CHICAGO (Reuters) - A 39-hour Democratic filibuster in the Missouri Senate ended on Wednesday when Republicans forced a vote and approved a proposal to prohibit sanctions against groups and wedding vendors that discriminate against same-sex couples for religious reasons.
The resolution to amend the state’s constitution passed 23-9 after the majority Republican caucus used a parliamentary maneuver to end the filibuster, which began at 4:00 p.m. CST on Monday, said Lauren Hieger, communications director for the Missouri Senate Majority Caucus.
The amendment must be voted on again in the Senate next week before passing to the lower house, where Republicans have a majority, and then to the state’s voters, Hieger said.
Missouri Governor Jay Nixon, a Democrat, applauded the effort by the Senate minority to block the resolution. “Rewriting our state’s constitution to condone discrimination would be contrary to our values and harmful to our economy,” Nixon said in a statement on Wednesday.
The legislation is among a series of measures introduced around the country by conservatives in response to last year’s U.S. Supreme Court legalization of same-sex marriage. The measures seek to protect religious groups and companies from being fined or punished if they decline to provide services such as wedding cakes or flowers to same-sex couples.
Republicans who backed the amendment said it was about religious freedom, but Democrats said it would enshrine discrimination in the state’s constitution.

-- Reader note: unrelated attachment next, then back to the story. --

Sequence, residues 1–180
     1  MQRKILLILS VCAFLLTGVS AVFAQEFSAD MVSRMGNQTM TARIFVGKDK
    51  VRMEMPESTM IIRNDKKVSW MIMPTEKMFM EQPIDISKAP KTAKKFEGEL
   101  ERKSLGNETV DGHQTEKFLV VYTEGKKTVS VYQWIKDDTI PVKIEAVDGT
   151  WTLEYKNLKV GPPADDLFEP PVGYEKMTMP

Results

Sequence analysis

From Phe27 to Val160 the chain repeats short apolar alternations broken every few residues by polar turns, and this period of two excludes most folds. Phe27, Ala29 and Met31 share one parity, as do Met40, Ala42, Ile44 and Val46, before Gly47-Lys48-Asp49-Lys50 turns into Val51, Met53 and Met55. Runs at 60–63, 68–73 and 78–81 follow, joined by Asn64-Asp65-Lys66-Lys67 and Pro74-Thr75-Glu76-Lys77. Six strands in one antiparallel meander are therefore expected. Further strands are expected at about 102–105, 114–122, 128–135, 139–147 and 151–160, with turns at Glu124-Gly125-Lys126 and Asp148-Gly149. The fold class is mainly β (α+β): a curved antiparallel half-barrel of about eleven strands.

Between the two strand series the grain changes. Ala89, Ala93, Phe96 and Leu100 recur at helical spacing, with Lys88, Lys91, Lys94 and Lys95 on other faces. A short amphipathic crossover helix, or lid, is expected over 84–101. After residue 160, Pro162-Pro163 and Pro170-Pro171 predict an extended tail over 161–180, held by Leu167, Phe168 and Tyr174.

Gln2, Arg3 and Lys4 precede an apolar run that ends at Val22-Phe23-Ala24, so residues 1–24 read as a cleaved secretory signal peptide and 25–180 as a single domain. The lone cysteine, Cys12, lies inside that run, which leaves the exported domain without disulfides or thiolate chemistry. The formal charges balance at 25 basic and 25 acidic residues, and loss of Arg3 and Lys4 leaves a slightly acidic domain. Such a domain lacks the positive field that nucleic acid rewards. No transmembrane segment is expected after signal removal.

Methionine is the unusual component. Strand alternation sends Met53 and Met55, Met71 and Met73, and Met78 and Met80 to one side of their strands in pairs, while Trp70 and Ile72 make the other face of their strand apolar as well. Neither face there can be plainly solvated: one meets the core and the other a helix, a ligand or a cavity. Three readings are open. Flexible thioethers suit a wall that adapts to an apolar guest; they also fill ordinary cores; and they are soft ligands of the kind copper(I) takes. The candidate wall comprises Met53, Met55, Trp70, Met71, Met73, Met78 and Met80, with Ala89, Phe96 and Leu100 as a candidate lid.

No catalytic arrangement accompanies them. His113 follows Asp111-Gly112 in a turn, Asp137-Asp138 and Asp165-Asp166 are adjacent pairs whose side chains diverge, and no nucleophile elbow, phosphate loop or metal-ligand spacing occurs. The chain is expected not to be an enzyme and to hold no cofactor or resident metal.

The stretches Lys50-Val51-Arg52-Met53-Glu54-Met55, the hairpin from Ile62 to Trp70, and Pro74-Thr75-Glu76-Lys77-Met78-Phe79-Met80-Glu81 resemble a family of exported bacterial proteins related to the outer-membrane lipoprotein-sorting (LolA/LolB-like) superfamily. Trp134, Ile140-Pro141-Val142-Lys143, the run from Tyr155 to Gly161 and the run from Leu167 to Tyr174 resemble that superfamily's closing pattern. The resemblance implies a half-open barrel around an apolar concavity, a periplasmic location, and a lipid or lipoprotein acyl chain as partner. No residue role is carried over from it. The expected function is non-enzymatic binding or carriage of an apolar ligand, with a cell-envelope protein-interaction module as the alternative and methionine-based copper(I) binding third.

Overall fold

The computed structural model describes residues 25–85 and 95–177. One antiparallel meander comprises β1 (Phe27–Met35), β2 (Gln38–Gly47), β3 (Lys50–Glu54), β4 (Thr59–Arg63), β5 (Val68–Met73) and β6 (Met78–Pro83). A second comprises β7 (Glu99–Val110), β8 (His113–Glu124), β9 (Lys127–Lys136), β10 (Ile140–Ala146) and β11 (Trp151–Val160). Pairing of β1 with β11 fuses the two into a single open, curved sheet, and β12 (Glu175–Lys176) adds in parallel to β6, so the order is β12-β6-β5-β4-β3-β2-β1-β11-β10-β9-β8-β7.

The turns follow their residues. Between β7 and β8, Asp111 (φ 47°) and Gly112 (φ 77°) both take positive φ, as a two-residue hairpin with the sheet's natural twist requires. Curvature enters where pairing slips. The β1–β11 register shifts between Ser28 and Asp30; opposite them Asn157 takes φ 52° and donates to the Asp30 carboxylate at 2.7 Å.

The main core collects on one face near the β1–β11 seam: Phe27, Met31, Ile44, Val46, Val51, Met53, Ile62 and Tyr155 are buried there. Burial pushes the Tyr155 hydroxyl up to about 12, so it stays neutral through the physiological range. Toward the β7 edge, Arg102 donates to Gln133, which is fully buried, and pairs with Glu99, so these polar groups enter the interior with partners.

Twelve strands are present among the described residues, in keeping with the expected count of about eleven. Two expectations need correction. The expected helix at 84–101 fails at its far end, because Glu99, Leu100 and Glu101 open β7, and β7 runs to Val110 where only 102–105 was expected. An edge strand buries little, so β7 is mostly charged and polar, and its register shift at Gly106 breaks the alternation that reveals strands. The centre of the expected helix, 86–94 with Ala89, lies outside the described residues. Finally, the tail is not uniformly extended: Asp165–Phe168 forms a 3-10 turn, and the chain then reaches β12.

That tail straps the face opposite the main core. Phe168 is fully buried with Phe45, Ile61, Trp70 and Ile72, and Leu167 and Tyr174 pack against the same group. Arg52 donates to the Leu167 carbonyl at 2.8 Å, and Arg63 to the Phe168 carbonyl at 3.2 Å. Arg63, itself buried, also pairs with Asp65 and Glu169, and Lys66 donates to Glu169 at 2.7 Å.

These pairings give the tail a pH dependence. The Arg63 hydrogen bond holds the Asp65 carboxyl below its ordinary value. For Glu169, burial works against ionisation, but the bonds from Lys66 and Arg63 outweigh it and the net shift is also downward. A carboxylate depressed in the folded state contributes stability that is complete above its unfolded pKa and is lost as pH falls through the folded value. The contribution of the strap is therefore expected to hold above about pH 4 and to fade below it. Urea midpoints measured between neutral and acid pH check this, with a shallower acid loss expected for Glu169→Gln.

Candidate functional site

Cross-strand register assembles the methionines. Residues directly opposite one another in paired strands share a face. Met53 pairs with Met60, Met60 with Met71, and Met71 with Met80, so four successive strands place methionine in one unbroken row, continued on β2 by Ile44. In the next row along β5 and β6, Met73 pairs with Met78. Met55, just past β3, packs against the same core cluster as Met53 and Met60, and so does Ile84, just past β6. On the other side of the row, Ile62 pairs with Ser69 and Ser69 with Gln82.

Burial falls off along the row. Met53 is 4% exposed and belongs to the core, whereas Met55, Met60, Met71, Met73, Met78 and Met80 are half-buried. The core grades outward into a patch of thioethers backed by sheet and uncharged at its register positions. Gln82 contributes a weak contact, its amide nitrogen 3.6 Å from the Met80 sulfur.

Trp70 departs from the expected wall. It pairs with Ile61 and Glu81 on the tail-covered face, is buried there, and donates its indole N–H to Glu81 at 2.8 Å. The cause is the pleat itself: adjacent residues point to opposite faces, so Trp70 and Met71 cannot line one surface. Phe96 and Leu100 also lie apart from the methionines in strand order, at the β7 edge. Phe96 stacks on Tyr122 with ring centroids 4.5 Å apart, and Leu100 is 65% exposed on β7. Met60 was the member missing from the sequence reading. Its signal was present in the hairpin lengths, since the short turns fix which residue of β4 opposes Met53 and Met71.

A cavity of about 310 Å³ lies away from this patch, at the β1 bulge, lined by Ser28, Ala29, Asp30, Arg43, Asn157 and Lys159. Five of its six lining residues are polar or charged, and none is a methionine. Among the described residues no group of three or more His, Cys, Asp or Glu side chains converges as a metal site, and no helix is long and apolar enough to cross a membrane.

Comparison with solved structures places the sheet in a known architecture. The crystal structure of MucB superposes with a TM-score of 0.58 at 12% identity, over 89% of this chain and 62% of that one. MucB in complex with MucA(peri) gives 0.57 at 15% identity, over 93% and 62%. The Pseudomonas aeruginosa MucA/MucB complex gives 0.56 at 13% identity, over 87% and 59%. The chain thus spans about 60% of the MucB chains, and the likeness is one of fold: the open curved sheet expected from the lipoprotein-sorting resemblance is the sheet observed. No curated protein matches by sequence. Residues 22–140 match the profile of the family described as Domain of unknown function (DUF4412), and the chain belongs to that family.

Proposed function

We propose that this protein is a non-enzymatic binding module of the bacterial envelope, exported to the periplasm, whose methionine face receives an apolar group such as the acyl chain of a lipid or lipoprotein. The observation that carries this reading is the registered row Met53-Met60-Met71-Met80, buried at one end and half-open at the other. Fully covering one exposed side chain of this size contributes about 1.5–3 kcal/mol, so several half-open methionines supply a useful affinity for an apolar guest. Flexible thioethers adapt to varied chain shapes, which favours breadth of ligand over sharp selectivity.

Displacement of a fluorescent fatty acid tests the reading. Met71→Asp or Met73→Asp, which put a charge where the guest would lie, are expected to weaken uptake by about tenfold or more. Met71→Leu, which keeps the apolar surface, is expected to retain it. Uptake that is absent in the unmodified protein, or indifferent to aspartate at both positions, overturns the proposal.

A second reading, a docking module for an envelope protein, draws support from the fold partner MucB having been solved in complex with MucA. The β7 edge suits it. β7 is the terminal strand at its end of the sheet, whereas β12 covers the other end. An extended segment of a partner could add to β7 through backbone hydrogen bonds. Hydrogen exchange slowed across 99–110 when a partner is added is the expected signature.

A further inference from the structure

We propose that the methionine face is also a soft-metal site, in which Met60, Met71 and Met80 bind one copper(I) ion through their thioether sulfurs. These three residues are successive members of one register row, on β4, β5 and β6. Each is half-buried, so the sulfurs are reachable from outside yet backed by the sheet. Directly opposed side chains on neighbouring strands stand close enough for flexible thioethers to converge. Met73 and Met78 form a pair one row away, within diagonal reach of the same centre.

Given their minority position in both chambers of Missouri’s General Assembly, Democrats chose to filibuster, debating overnight on Monday and Tuesday to block the initiative.
“Inspired by senators’ heroic stand against discrimination in #MO. The nation is watching & cheering you on!” Nixon tweeted on Tuesday night.
“In our pluralistic society, we should have room to respect the religious freedom of Missourians,” Republican Senator Bob Onder, who sponsored the bill, told reporters at a news conference on Wednesday morning. He said the language of the bill was modified in a compromise on Tuesday to narrowly define wedding vendors.
The American Civil Liberties Union civil rights group said it would work to fight the bill in Missouri’s House of Representatives.
“This amendment raises serious constitutional concerns because it singles out same-sex couples for discrimination,” Jeffrey Mittman, executive director of ACLU of Missouri, said in a statement.
Reporting by Fiona Ortiz; Editing by Richard Chang
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